The Chinese mainland is poised to overtake Japan this year as the economy with the world’s second-largest number of dollar millionaire households, behind the United States.
And the Asia-Pacific region will surpass North America in four years as the world’s wealthiest region, according to a report by the Boston Consulting Group.
In its annual study of the world’s wealth management industry, the global management consulting firm said worldwide wealth grew faster last year than in the previous two years.
But it predicts that revenue growth and profits at wealth management firms will fall over the next five years, as the faster creation of wealth in Asia-Pacific and other developing regions poses challenges that will rob firms of the momentum they started to gain in 2012.
BCG calculates millionaires by their investable assets excluding a primary residence or business. In 2012, the U.S. had the most millionaire households, with 5.9 million, followed by Japan with 1.5 million and the Chinese mainland with 1.3 million.
The U.S. had the largest number of billionaires in 2012, but the highest density of billionaire households was in Hong Kong, followed by Switzerland.
“The global wealth management industry has become increasingly complex,” said Brent Beardsley, a coauthor of the report and global leader of BCG’s asset and wealth management section.
“With the mature economies of the old world and the developing economies of the new world moving at different speeds, wealth managers in different regions are grappling with tough sets of problems,” he said.
The report, released on Thursday in New York, states that “new world” regions such as the Asia-Pacific, excluding Japan, are expected to account for nearly 70 percent of the growth in global private wealth in the next five years.
By the end of 2017, the Asia-Pacific region will see its private wealth grow to an estimated $48.1 trillion, surpassing North America as the world’s wealthiest region, the report said.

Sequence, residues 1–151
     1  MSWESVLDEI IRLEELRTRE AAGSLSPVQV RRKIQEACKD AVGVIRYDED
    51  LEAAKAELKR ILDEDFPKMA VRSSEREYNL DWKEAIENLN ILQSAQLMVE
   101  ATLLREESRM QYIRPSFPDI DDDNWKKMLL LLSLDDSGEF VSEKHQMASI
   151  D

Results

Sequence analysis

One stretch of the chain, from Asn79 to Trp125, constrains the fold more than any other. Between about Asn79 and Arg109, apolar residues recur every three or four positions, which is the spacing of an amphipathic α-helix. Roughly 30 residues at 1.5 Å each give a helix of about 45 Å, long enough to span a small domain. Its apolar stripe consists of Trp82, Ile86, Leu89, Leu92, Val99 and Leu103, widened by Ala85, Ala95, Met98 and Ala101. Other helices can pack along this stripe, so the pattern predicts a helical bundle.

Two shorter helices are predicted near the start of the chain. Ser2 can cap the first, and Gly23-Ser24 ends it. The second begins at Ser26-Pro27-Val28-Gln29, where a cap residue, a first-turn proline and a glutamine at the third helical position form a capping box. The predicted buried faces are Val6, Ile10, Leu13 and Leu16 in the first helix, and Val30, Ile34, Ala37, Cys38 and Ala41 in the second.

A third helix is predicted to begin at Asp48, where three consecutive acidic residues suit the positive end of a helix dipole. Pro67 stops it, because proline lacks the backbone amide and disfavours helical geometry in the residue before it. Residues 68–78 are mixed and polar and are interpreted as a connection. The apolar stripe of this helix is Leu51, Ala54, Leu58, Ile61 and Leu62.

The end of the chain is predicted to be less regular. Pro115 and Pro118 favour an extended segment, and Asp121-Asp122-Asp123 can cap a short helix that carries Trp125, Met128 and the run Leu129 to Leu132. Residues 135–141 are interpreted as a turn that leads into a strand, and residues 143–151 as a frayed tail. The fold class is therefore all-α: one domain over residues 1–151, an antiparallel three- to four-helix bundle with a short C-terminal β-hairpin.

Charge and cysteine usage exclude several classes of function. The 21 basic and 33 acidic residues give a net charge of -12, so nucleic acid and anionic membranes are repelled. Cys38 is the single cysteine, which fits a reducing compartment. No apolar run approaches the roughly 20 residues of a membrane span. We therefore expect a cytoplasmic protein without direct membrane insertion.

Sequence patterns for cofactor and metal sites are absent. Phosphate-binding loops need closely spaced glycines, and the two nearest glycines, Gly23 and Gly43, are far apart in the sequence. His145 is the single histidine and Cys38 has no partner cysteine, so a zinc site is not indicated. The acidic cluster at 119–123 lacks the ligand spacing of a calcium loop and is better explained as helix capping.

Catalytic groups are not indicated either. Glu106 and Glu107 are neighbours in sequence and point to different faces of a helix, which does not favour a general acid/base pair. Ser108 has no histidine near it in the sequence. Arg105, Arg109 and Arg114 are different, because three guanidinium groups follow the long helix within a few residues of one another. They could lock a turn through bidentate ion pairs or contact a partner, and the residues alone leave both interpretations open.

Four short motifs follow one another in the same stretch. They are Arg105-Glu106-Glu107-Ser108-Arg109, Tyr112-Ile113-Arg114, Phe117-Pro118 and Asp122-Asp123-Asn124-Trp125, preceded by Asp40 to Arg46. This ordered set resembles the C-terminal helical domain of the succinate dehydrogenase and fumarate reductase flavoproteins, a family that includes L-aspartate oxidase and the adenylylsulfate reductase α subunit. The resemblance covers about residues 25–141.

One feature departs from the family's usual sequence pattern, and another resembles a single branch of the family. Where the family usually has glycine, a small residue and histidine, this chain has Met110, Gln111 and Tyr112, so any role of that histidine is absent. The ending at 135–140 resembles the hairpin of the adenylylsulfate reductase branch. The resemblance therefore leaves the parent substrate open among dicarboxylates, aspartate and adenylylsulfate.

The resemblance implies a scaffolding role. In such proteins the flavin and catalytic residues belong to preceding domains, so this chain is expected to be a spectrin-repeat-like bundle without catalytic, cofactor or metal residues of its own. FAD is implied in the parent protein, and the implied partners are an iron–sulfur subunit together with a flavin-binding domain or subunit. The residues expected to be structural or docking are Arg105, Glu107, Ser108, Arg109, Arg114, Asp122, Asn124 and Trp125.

Last year, the Chinese mainland accounted for 48.2 per cent of total wealth in households in the Asia-Pacific, excluding Japan. The region had 20.7 percent of global wealth.
By 2017, according to the report, the mainland’s share of Asia-Pacific wealth will rise to 57.3 percent, increasing the region’s share of global wealth to 28.1 percent.
In Shanghai, Si Yongrong, 27, will take over her family’s construction and stock market business in two years’ time. She said she will definitely need a third-party institution to manage the assets and wealth of the business when she takes over.
In a report on mass affluence in China released in March by Forbes China and the Beijing-based wealth management company CreditEase, 28.3 percent of respondents with investable personal wealth of at least $100,000 said they need wealth management services.
Shi Guowei, the research director of Forbes China who wrote the report, said, “Whether they manage their wealth on their own or they select entrusted wealth management, most of these affluent Chinese prefer professional advice from wealth managers, which indicates that institutions have a high chance in this regard.”
Xue Ruefeng, general manager of the private banking department at Industrial Bank, said Chinese millionaires’ new preference for alternative investment such as art works, fine wine, watches or even private jets, allows private banking to tailor different packages for various customers.
By Michael Barris and Shi Jing